The Independent: “Matthew Norman: Cancer patients are always ‘brave’. In Jade’s case, it’s true”


The reality TV star has every right to die as she has lived

So says the judges.

She is “Brave Jade” now, where once she was “Vile Jade”. The process of sanctification has matched the speed with which the cancer spread through her body.

Brave is tabloidese for no chance.

The thing about Jade is, there is no need to confer the automatic epithet on her final days. She has her private moments too, albeit fewer perhaps than anyone in modern history, so for all we know she sobs pitiably throughout each night, offering God the traditional deal whereby she will devote the rest of her days to good works if He will only make this horror go away. And if she does, that wouldn’t diminish by a fraction the courage that has defined her brief but extraordinary life.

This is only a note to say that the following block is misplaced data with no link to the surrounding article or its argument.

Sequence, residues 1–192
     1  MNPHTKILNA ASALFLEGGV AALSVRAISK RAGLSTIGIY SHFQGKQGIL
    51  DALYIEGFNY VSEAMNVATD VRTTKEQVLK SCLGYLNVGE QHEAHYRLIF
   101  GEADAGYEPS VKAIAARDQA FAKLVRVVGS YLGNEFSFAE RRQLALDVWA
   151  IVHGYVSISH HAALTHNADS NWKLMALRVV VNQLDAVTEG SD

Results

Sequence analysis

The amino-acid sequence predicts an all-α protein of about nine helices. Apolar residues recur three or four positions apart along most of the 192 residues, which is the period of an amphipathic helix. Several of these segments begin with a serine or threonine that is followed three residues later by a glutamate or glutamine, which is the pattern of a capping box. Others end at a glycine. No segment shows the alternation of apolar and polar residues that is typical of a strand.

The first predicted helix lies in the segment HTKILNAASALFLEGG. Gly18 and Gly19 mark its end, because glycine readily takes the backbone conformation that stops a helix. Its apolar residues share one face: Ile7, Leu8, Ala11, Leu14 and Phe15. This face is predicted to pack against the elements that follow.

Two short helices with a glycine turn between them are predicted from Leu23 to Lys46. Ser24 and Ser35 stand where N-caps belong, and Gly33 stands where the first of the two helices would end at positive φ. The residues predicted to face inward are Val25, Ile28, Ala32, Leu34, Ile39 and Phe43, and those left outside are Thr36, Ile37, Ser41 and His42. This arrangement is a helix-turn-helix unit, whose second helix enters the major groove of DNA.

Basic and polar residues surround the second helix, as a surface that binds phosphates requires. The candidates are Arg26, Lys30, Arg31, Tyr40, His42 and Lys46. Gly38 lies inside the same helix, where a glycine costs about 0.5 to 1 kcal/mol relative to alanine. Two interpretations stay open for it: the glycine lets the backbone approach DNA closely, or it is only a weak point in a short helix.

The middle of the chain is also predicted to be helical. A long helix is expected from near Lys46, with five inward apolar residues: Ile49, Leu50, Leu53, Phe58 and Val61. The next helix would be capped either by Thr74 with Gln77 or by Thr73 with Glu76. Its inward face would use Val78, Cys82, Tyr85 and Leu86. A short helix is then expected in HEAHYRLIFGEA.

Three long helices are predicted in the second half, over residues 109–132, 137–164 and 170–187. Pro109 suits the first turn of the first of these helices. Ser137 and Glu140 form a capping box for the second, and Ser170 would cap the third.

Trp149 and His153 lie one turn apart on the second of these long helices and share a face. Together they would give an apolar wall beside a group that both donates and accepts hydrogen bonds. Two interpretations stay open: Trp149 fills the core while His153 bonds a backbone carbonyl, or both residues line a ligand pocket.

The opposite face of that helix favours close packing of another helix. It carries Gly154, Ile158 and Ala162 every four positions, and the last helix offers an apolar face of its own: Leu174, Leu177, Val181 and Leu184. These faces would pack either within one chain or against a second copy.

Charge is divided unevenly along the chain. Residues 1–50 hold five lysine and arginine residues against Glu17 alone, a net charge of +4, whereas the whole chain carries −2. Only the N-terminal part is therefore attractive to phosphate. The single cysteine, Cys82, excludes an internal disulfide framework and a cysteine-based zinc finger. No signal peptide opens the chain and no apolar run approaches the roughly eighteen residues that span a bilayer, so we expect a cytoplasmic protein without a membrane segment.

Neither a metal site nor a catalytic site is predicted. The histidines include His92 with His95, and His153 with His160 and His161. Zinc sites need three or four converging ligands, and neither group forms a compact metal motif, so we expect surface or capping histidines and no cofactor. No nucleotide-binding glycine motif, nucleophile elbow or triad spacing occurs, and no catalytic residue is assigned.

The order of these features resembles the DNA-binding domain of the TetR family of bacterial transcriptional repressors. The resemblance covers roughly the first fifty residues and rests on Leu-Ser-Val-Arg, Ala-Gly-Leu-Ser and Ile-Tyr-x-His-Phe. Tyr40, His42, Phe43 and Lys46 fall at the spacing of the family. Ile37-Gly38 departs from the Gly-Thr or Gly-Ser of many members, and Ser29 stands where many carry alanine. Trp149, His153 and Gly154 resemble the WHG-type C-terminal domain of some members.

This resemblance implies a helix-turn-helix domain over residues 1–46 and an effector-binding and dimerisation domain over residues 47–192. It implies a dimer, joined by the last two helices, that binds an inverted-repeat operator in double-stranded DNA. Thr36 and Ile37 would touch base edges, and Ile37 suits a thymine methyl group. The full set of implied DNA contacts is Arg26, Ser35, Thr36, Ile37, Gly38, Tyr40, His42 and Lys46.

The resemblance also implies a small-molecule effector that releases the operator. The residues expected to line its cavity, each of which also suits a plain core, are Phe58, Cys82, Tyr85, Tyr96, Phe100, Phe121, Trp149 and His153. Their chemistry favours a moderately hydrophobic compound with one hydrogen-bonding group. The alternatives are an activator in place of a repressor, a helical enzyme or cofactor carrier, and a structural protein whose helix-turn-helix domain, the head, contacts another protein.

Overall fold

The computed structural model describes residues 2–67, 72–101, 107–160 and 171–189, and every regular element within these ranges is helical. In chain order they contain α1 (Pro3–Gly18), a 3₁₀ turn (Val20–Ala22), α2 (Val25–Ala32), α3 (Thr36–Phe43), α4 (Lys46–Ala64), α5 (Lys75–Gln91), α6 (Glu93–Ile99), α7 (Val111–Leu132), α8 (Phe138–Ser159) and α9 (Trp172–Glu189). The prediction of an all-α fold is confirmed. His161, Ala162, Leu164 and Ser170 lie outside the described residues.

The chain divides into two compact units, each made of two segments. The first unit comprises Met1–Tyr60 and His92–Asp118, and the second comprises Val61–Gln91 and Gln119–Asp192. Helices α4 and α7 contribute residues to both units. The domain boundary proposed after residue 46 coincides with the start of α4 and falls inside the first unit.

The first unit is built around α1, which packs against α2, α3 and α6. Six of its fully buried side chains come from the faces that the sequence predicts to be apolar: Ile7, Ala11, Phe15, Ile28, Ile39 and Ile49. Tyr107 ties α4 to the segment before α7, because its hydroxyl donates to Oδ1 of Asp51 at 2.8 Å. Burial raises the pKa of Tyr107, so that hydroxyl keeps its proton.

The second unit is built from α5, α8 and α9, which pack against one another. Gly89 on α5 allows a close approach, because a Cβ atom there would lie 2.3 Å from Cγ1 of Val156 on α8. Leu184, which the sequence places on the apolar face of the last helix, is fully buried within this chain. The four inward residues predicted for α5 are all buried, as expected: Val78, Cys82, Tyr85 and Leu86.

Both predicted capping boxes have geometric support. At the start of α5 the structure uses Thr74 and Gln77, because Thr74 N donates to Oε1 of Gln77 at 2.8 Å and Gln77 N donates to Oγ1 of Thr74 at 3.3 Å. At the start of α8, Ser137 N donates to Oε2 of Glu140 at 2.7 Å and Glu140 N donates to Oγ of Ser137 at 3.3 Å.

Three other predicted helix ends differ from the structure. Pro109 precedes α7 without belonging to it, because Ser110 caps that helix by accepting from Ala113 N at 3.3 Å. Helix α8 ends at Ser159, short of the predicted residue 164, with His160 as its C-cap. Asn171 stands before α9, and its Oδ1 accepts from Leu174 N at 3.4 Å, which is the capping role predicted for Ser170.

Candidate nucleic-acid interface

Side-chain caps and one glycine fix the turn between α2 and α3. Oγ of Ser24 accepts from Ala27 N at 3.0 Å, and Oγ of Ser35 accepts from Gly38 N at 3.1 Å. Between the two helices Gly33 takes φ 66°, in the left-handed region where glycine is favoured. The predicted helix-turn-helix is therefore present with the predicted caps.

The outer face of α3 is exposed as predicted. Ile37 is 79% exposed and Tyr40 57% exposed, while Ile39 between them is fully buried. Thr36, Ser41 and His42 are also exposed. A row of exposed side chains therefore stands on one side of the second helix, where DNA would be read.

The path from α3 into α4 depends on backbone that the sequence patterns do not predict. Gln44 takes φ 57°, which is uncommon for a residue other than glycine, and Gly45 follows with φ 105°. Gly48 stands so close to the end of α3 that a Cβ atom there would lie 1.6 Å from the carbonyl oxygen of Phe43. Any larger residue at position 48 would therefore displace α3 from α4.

Why speculate about what Jade Goody thinks when you can watch the show?

“…like Churchill she just kept buggering on.”

Jane Churchill?

If she is also an emblem of vulgarity, then death itself, like birth, is immutably vulgar regardless of the craving to sanitise it on grounds of petit bourgeois good taste.

Norman talks of John Diamond, the writer who chronicled his own death. But, like Goody, he knew how to work the media. It’s as if without the celebrities death would not exist for mere readers, who mark our lives by the EastEnders schedule and vicarious living.

Here’s your invitation to Jade’s wedding in OK! Magazine. Wear a hat. It’s good to get out the house…

The Times: “Dying Jade Goody’s wedding could earn her £1m”

Did she sort out her tax affairs?

It is understood that she will earn about £700,000 from OK! magazine, which has also secured the rights to pictures of her sons’ christening, and about £100,000 from Living TV. She is also in talks to take part in an interview with Piers Morgan, the former editor of the Daily Mirror, for ITV.